the last september book coverReviewed by Meg Massey

As The Last September opens, readers are introduced to Brett, who has stumbled upon the unthinkable. Her husband Charlie has been murdered in their seaside Cape Cod home, with his mentally ill brother Eli present at the scene. Eli disappears, and Brett and the readers are left to wonder: did Eli murder his brother? And what led him to it?

Author Nina de Gramont begins Brett’s story in the middle, and takes readers back and forth through time. Brett and Eli were best friends in college, but on the night she met his free-spirited brother Charlie, their relationship changed forever. Months later, Brett watched in horror as Eli experienced a mental breakdown.

At the time of her husband’s murder, Brett and Charlie have a young daughter. Charlie is unemployed and their marriage is under great strain. Charlie is always rescuing Eli, and a recent business venture has failed miserably. As Brett’s story continues, I found myself beginning to wonder if Brett was a reliable narrator. Did she have reason to kill her husband? Who is really responsible for Charlie’s death?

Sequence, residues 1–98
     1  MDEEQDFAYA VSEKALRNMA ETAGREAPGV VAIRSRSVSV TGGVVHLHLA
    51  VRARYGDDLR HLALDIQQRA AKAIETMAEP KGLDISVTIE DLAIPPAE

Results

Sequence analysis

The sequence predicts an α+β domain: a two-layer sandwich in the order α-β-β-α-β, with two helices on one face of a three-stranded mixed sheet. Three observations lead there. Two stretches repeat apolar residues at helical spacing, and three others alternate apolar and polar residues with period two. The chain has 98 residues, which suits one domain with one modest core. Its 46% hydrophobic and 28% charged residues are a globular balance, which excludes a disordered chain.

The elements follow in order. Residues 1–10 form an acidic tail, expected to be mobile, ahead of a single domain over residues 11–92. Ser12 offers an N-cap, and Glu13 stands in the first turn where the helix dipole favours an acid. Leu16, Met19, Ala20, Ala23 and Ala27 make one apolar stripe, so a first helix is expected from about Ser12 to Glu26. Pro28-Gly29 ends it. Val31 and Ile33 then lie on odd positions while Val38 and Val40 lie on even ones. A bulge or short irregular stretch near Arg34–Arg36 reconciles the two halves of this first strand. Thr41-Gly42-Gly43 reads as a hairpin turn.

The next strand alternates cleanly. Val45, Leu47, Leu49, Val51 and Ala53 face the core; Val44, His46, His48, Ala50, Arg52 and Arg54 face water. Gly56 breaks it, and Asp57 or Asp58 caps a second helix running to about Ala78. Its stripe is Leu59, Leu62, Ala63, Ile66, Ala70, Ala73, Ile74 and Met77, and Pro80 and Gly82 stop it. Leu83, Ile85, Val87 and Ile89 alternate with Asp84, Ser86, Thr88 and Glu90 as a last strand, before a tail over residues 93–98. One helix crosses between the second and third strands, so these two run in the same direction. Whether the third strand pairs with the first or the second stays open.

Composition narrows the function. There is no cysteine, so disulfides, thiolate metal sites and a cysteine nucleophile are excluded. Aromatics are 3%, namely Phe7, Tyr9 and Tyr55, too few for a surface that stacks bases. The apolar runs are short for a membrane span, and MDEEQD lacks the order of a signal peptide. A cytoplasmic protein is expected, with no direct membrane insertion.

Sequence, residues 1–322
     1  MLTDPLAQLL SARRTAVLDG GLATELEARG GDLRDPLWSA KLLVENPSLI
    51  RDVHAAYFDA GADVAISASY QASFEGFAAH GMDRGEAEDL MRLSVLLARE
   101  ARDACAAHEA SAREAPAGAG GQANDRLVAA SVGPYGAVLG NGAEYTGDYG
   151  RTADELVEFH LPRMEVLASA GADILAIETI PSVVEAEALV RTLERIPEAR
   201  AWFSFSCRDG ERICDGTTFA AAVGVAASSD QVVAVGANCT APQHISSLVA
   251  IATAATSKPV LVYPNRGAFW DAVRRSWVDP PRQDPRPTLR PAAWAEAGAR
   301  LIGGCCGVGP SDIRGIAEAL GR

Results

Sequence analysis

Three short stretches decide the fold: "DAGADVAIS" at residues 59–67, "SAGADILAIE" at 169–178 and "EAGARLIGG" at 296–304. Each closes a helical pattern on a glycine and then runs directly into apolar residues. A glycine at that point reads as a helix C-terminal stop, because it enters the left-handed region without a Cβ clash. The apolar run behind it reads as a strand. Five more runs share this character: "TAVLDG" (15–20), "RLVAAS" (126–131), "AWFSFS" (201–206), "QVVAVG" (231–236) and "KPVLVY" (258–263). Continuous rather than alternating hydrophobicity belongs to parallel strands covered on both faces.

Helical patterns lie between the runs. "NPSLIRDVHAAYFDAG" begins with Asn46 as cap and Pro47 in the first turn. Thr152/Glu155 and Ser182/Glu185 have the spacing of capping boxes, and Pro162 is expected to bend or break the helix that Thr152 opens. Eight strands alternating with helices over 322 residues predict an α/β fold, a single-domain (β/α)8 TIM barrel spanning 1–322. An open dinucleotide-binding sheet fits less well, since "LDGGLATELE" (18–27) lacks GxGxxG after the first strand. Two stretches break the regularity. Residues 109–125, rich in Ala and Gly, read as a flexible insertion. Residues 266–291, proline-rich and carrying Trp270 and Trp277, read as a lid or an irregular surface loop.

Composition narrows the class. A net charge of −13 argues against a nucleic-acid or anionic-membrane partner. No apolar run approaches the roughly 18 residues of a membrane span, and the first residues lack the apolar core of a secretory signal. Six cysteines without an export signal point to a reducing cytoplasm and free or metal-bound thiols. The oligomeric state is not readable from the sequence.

This story is a thought-provoking puzzle from start to finish. Dealing with murder, mental illness and the difficulty of relationships, it’s a complex novel you won’t soon forget. Eli’s plunge into mental illness is heartbreaking, and has devastating effects on those he loves, even years after his first breakdown. The author also leads readers through events of the past that leave Brett and Charlie’s relationship nearly in ruins, and Brett wondering if it can be repaired. After she realizes her husband is dead, she works to figure out who did it, and in the end, is shocked by what she finds.

Often, I am able to predict the ending of novels like this, but this one surprised me. If you enjoy a good mystery, you’re sure to love this novel.

Rating: ★★★★☆ 

Meg lives in Pennsylvania with her husband, Ryan. Library professional by day, freelance writer by night, Meg writes about life, entertainment and everything in between.

Review copy was provided free of any obligation by Algonquin Books. No monetary or any other form of compensation was received.